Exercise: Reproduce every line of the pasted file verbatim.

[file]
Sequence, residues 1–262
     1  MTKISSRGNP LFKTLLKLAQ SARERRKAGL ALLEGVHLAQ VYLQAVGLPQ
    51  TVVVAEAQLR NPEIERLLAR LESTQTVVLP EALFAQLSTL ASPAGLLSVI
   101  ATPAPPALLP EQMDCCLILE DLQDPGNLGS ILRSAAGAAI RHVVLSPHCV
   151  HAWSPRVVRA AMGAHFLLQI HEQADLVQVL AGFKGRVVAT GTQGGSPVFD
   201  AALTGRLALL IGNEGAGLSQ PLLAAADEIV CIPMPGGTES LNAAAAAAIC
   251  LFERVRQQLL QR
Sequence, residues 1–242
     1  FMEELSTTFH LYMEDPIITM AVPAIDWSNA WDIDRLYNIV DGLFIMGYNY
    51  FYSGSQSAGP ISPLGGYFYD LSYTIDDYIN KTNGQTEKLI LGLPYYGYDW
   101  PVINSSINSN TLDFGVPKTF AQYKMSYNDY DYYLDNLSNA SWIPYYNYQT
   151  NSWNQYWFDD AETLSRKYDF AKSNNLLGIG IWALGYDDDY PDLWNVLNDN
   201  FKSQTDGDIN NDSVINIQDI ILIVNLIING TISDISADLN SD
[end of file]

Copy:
Sequence, residues 1–262
     1  MTKISSRGNP LFKTLLKLAQ SARERRKAGL ALLEGVHLAQ VYLQAVGLPQ
    51  TVVVAEAQLR NPEIERLLAR LESTQTVVLP EALFAQLSTL ASPAGLLSVI
   101  ATPAPPALLP EQMDCCLILE DLQDPGNLGS ILRSAAGAAI RHVVLSPHCV
   151  HAWSPRVVRA AMGAHFLLQI HEQADLVQVL AGFKGRVVAT GTQGGSPVFD
   201  AALTGRLALL IGNEGAGLSQ PLLAAADEIV CIPMPGGTES LNAAAAAAIC
   251  LFERVRQQLL QR
Sequence, residues 1–242
     1  FMEELSTTFH LYMEDPIITM AVPAIDWSNA WDIDRLYNIV DGLFIMGYNY
    51  FYSGSQSAGP ISPLGGYFYD LSYTIDDYIN KTNGQTEKLI LGLPYYGYDW
   101  PVINSSINSN TLDFGVPKTF AQYKMSYNDY DYYLDNLSNA SWIPYYNYQT
   151  NSWNQYWFDD AETLSRKYDF AKSNNLLGIG IWALGYDDDY PDLWNVLNDN
   201  FKSQTDGDIN NDSVINIQDI ILIVNLIING TISDISADLN SD